Use this simple, once-a-month maintenance plan to keep your car in good shape and head off potential problems.
You can avoid breakdowns and save money simply by keeping an eye on some of your car's basic components. There are also various sights, sounds and smells that indicate there could be a problem.
Note: This is a guide only. The manufacturer's recommendations should take precedence, and you still need to have your car regularly serviced by a qualified technician
Make sure your car is on level ground. Start the engine, let it run for a short while, then turn it off.
While your engine's still warm, remove the dipstick, and wipe clean with a lint-free rag. Reinsert the dipstick fully, otherwise you'll get a false reading.
Remove the dipstick and check the oil level. If it's reading low, top up your oil using the correct grade as recommended by the vehicle manufacturer.
Note: Do not run your engine if no oil is showing on the dipstick.
Check the radiator coolant level in the plastic reservoir (most cars have them). The level should be between the high and low marks. With the engine cool remove the radiator cap and check the level in the radiator.
If it's low, top it up with the correct coolant concentration, as recommended by the vehicle manufacturer (see your owner's manual).
If your car is regularly losing coolant, there may be a leak somewhere, which can cause problems. Get your mechanic to take a closer look.
Note: Never check your coolant level when the radiator is hot. Always make sure it's cool to avoid serious injury or burns. And never mix coolants or inhibitors of different brands.
Look for any frayed, damaged, loose or disconnected wiring. If you find any, notify your mechanic.
Check your hoses and pipes. Follow all hoses from one end to the other, making sure they are tight and there are no stains that could indicate a leak.
Check the top and bottom radiator hoses, heater hoses, fuel lines and any pipes associated with power steering or brakes.
Ask your mechanic to replace any hoses that are very soft, kinked, swollen or cracked
The procedures for checking these fluid levels can vary between makes and models.
Check your owner's handbook or contact your service centre. If topping up, use only an automatic transmission fluid specified by the vehicle manufacturer.
A loss of fluid from either the automatic transmission or power steering could indicate a leak, so notify your mechanic.
If your battery has caps, remove them and check that the fluid inside is about 5 mm above the plates, or between the levels as indicated on the battery case.
If low, top up with distilled water and avoid overfilling. Replace the caps and make sure the electrical cables are tight on the battery terminals. The top of the battery should be clean and dry.
Note: Your battery is potentially dangerous, so don't check it near a naked flame or somebody who's smoking. Batteries produce an explosive gas when they charge, and the fluid inside is corrosive, so avoid any contact with eyes, skin, clothing and painted surfaces.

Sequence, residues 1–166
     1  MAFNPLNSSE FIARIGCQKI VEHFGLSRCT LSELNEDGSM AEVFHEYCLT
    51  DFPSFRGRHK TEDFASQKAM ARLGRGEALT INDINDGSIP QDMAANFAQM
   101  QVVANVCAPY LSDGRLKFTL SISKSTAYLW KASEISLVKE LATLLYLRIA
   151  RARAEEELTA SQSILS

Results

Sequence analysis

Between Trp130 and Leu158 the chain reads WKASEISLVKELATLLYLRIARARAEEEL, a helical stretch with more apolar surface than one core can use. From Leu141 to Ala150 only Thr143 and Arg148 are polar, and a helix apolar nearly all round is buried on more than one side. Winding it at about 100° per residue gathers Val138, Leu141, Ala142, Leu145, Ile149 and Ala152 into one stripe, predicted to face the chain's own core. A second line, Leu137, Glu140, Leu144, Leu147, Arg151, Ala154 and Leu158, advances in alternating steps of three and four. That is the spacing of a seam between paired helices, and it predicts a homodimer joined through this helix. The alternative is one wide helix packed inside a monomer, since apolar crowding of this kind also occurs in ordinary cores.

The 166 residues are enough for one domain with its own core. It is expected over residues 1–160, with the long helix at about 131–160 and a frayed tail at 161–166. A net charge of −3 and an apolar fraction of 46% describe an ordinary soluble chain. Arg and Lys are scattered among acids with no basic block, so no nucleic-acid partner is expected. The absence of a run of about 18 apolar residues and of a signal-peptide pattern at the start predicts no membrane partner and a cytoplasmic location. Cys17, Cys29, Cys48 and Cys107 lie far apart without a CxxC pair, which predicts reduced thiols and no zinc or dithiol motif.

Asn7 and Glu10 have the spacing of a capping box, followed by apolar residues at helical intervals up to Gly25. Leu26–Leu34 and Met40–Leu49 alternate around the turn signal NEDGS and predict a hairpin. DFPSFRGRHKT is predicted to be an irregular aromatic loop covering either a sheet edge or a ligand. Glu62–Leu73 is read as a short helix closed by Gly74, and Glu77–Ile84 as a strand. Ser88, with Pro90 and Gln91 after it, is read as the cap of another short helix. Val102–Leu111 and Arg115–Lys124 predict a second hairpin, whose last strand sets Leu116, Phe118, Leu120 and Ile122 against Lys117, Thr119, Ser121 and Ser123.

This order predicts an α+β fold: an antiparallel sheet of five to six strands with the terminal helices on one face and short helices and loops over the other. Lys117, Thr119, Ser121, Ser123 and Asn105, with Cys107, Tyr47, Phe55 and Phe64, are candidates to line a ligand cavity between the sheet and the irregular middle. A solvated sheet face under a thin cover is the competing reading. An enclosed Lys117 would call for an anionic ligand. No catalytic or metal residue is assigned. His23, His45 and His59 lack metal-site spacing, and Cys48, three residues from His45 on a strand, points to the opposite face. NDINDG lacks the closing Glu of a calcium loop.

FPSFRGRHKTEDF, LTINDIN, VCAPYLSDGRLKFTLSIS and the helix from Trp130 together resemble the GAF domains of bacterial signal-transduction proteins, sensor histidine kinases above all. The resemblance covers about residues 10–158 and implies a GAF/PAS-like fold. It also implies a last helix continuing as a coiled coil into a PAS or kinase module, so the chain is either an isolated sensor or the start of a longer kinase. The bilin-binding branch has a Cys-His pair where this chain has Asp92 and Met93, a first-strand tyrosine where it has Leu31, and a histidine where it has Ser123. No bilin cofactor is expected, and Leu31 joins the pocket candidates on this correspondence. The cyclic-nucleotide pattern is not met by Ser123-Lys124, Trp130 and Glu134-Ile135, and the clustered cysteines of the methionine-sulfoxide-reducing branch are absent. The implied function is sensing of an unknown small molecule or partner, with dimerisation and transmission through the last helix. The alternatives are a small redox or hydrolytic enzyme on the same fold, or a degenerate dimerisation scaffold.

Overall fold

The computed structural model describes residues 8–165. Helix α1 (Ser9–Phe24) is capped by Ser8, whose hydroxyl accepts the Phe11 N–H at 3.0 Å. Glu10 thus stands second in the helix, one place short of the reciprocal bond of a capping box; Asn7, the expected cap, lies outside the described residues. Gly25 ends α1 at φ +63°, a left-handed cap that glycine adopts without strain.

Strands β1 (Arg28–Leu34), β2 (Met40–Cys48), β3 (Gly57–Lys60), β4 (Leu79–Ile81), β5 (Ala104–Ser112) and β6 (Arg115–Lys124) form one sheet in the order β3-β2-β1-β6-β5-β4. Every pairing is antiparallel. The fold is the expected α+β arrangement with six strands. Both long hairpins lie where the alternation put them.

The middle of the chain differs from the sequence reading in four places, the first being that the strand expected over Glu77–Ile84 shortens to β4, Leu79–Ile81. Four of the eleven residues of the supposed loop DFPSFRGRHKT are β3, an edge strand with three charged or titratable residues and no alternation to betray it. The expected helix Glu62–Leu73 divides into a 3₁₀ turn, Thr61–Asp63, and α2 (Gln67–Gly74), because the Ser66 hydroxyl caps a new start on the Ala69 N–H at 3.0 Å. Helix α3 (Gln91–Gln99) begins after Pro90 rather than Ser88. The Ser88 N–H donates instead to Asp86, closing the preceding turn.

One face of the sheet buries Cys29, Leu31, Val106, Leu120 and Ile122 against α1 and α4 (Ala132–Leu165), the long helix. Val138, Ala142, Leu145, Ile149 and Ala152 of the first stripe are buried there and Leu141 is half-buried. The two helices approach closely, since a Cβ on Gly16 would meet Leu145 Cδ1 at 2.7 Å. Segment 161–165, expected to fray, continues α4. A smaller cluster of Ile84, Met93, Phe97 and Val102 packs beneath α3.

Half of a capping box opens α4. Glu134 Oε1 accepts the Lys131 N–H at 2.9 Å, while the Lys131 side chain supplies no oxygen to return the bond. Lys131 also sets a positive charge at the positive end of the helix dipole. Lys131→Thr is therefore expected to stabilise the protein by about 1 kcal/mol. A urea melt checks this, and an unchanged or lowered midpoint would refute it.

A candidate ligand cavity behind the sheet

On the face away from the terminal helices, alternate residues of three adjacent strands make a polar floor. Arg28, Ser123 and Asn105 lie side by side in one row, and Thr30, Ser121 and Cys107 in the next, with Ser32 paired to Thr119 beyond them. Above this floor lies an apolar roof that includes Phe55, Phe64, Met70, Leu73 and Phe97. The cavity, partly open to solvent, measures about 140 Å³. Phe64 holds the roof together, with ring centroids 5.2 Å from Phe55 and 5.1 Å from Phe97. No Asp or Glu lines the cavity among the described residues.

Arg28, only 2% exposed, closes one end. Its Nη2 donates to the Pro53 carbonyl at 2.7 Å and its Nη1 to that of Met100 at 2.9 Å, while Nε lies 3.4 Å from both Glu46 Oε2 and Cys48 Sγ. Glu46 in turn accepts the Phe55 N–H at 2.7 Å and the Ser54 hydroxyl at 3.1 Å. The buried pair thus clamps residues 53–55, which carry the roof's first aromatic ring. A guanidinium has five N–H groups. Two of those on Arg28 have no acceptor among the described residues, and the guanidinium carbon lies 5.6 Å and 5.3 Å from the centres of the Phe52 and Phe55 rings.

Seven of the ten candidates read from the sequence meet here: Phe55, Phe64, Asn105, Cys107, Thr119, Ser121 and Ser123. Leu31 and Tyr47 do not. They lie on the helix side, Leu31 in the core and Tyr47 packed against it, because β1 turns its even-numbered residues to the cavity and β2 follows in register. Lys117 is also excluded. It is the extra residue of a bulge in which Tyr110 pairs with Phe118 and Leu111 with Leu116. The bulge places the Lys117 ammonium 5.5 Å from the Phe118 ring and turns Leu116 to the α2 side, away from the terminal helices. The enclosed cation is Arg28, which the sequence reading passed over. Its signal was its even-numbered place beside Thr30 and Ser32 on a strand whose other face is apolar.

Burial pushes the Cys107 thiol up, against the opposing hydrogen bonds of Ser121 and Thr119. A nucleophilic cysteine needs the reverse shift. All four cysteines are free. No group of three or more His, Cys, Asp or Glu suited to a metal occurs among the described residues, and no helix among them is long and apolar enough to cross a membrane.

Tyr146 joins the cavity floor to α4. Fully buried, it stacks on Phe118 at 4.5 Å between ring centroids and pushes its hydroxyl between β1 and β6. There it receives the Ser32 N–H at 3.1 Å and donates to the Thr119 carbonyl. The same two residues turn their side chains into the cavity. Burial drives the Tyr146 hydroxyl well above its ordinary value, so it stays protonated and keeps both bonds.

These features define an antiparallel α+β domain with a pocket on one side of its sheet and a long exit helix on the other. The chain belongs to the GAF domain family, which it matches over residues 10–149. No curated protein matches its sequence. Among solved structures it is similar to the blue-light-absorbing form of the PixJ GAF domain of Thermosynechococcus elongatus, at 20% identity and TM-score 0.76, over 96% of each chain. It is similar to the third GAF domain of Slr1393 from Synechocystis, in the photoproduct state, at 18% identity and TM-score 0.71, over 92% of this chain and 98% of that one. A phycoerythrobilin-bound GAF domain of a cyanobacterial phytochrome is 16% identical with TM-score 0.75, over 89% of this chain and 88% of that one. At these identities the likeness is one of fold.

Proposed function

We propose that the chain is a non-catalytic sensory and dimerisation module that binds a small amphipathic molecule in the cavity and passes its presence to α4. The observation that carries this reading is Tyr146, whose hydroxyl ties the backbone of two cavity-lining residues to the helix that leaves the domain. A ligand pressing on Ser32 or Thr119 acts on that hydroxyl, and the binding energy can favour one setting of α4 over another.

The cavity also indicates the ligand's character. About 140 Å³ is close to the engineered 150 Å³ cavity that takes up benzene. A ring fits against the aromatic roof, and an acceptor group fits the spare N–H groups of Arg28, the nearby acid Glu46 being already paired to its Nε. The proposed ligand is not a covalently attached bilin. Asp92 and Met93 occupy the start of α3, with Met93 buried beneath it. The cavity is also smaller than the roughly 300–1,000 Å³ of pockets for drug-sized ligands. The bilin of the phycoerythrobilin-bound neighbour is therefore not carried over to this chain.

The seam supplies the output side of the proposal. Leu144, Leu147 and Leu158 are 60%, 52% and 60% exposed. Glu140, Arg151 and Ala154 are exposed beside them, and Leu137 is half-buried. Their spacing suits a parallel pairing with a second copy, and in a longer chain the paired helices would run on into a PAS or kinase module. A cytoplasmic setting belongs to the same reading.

Fill your washer bottle with clean water and the right amount of windscreen washer additive. Don't use household detergents as they can damage your paintwork and wiper blades.
Check the condition of your blades, and replace them if split, perished or not wiping your windscreen properly.
Incorrect tyre pressure can reduce the life of your tyres, and may make your car less safe to drive.
Check and adjust pressure when tyres are cold. You'll find your cars correct tyre pressure on the tyre placard on the inside of your glove box, fuel cap filler, or inside the driver's door opening.
You should check for a minimum tread depth of 1.5 mm on any part of the tyre surface that comes into contact with the road. Tyres have indicators in their tread pattern which show (as lines across the tread) when worn down to 1.6 mm.
Check your tyres for abnormal wear or damage (such as cracks, bulges or tears).
Utilise the Spare Tyre
Over time a tyre looses the oils contained in its rubber compounds and the composition of the tyre can alter. 5 years is the maximum life recommended by tyre manufacturers. If the tyre has not been used by this time, the extra heat generated by the less compliant rubber can add to the risk of a blow out.
When the tyre heats up during normal road use it relies on the oil and moisture content to keep it cool and pliable. Having it sitting on the back of your 4WD or in the boot of your car will dry out the tyre and when you fit it, it may blow out and cause damage to your vehicle or, even worse, a crash.
By routinely rotating tyres you can eliminate this problem and extend the life of your tyres by approximately 20 per cent.
In some cases this is not practical due to directional or different sized tyres which are only suitable to a particular side or particular position on a vehicle. Always refer to your owner's handbook and follow the instructions.
Note: You should buy your own tyre gauge to check pressure because service station gauges may not be accurate.
Make sure all your lights are working, including high beam, stop and reverse lights. If you can't get someone to help you, drive your car up to a wall (or some reflective surface) and look for the reflection. Reverse to the same reflective surface to check your rear lights.
Switch off your engine and check all the controls for tightness and function. You may notice excessive brake pedal travel or loose gear shift linkages.
Put your steering wheel so the tyres point straight ahead. Lightly swing the steering wheel from side to side. As a guide, free play should not exceed 50 mm.
Stop your car and check immediately if:
You should also get your car to a mechanic as soon as possible if it:
To stock up on spare parts and all car care items, visit any one of 85 Repco stores across NSW & ACT, where NRMA Members recieve generous discounts.